If you can’t remember when you first heard of price-fixing, it may not have been that long ago.

In the early 1990s, the then-nascent market had lost billions of dollars as the Federal Reserve embarked on a massive, massive money printing spree.

The Fed then began targeting the precious metals market as well, as part of its efforts to stimulate the economy and stabilize the markets.

As the price of precious metals plummeted, a number of companies began trading on a commodity market called the “gold bug,” where the prices of gold, silver, copper and other precious metals fluctuated, based on their value in other markets.

Many people saw these prices as a way to make money.

But for many, the value of the market was being driven by manipulation and greed.

A study by economists John Smeeding and Daniel Kohn, published in the prestigious Journal of Economic Perspectives, found that, among individuals who traded in this “gold-bug” market, there was a higher percentage of people who had a “market-based” view of the price they should pay for the precious metal they were trading.

The researchers found that this “market view” was significantly related to their willingness to accept and pay higher prices.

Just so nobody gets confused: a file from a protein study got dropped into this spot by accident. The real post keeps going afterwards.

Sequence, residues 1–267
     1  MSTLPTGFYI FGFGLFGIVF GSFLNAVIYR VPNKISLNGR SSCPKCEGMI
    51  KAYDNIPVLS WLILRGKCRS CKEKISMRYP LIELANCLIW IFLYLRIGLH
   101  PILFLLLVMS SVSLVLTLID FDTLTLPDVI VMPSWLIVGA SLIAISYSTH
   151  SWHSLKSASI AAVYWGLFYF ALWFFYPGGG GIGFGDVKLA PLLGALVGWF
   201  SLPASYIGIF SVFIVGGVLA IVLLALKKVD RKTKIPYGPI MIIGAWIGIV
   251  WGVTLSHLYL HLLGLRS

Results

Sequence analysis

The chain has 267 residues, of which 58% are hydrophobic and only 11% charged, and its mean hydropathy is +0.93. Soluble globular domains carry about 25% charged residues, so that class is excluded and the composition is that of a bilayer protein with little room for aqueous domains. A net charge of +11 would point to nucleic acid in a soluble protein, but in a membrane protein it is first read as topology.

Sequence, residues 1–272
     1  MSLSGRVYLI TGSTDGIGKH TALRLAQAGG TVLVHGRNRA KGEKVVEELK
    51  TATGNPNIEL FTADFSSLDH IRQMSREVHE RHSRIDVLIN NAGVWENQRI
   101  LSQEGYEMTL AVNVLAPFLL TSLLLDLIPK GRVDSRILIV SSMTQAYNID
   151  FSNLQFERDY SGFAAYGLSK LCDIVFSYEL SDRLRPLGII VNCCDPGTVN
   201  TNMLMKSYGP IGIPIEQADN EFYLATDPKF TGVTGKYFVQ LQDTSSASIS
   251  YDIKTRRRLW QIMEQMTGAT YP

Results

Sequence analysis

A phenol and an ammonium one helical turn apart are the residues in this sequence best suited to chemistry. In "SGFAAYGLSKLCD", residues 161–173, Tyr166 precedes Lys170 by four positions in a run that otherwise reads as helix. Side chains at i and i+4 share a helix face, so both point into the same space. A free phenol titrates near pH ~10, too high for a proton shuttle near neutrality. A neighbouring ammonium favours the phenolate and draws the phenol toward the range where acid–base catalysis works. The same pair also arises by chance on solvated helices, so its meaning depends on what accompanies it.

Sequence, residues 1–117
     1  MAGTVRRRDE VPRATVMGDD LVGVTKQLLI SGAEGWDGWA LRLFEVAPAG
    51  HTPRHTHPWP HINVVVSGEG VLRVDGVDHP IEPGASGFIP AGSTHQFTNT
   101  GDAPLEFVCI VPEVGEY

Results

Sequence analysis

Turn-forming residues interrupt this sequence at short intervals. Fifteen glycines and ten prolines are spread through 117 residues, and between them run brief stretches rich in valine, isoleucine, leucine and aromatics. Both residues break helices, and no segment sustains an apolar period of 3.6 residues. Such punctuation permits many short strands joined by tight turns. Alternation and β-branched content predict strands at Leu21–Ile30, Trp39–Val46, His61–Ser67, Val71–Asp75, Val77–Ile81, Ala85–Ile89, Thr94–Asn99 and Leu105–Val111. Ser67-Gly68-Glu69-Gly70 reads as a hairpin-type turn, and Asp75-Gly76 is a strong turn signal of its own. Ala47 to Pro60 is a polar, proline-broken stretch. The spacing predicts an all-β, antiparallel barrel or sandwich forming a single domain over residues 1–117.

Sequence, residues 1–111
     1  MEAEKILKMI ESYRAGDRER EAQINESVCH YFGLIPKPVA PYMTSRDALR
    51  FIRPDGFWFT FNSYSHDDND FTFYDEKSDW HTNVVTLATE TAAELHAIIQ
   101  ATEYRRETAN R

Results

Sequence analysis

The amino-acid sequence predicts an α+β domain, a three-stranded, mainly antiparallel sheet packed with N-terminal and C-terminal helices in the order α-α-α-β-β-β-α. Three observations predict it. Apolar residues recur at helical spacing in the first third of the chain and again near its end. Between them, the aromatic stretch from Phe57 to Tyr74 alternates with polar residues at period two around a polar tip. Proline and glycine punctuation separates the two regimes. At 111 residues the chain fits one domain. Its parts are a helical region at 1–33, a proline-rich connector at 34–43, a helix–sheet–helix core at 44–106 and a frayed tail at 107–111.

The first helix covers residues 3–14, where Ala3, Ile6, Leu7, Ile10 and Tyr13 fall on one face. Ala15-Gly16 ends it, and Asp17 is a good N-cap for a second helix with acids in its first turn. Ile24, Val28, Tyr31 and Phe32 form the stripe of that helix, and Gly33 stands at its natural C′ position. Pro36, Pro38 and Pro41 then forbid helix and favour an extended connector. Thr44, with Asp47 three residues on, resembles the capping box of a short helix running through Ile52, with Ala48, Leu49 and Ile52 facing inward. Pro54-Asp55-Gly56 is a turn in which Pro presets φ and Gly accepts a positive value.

The study also found that individuals who did not view the price-bug market favorably were significantly less likely to accept price increases in the future.

This “gold bugs” behavior may be why price-price manipulation was widely perceived as a criminal offense in the United States in the early 2000s.

When the price crash of 1987 hit, the Federal Open Market Committee (FOMC), the central bank of the United State, had begun to hike interest rates and raise money for the economy.

The interest rates were then initially set at 2 percent, but soon increased to 3.5 percent.

The FOMC has since been criticized for its actions, particularly in light of the fact that it allowed its central bank to manipulate the prices and futures markets for the first time.

But the FOMCs decision did not just hurt the economy in the short term.

It also created a market in which the government could manipulate prices and prices could be manipulated by the government, which is why the price fixing scandals have been ongoing in the U.S. Since the 1970s, price-fixes have been a major part of the monetary system, and price manipulation is one of the most pervasive aspects of that system.

Prices for a variety of goods and services have been manipulated in a variety